Morning Keynote: Education to Better Their World – Unleashing the Power of 21st Century Kids

Marc PrenskyColonial Future Education Foundation and InstituteAnother morning with bad wifi for the keynote, so I’m typing this offline.


The ends of education for the future should be not just improving individuals, but improving their world.Marc Prensky is most known for coining the term “digital native” and now does speaking on the future of education.Marc opened by talking about how the camp theme is more about the nostalgia but should be more about the future of camp for our kids. of the first major points that Marc made was that K-12 teachers insist on teaching students how to “take notes” because “that’s what colleges/universities want from students,” when in reality, college/university instructors indicate that they don’t want that! They want students who can think, problem solve, and do things. Clearly miscommunication between the groups. tweet above was in reference to a statement that Marc said about 15 minutes into his presentation: right along… There have been a lot of great pieces of information, nothing new, but good to have reiterated nonetheless. He’s going pretty fast, so it’s hard for me to document the big points. I am going to email him for the slide deck after the presentation – I’ll post the link in the comments once it’s available.There are 2 traditions of education

  1. Accomplishment tradition – consisting of action, relationships, and accomplishments.
  2. Academic tradition – consisting primarily of thinking.

Marc’s point is that the Accomplishment Tradition leads people to business, where the Academic Tradition goes back into the schools (educators). Marc’s desire is to put these 2 traditions back together and not be isolated based on the environment. spent a few minutes going into examples of kids who have provided real-word accomplishments. I hadn’t heard of any of these, but they’re incredibly impressive. Afterwards, Marc prempts the comments of “we do service learning, long term projects, capstones, apprenticeships, etc.” and says GREAT – but we need more”Academic education is not enough – it underestimates what today’s students can now do.” – Marc Prensky an effort to make the kids even more powerful, Marc has started putting together a website that showcases real-world problems solved by kids.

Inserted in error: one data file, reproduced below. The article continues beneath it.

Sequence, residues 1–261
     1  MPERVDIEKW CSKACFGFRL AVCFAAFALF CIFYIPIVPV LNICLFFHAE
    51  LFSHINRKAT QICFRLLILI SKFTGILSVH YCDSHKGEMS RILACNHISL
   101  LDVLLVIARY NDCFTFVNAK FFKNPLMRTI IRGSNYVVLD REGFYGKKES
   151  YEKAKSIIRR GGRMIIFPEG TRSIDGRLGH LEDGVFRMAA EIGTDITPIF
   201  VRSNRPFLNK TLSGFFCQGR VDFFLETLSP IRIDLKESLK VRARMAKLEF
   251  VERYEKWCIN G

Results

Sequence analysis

The ends of education for the future should be not just improving individuals, but improving their world.


I thought Marc did a good job getting his point across. There were a few areas that I wish it were different.

  1. He referred to all students as “kids.” Not just once, but over and over. As a corporate trainer, I have students that I teach, but they are far from “kids.” It’s clear from the presentation that he’s focused on K-12 students, but I wish there was a wider scope to the presentation.
  2. The presentation is mostly about what should be different in education – how education can/should change to improve the future population. What I thought was missing were examples for implementation and/or takeaways. Great presentation on a large scale, but little in terms of action items.
  3. Going back to #1 above, this presentation is focused on K-12 and higher education. While I feel that this is going to be an ongoing theme for the rest of the Conference, I wish that weren’t the case. Canvas has more customers than just the education field (K-12 and higher ed), but the schedule doesn’t reflect that. I’m certainly hoping I’m wrong, but only time will tell.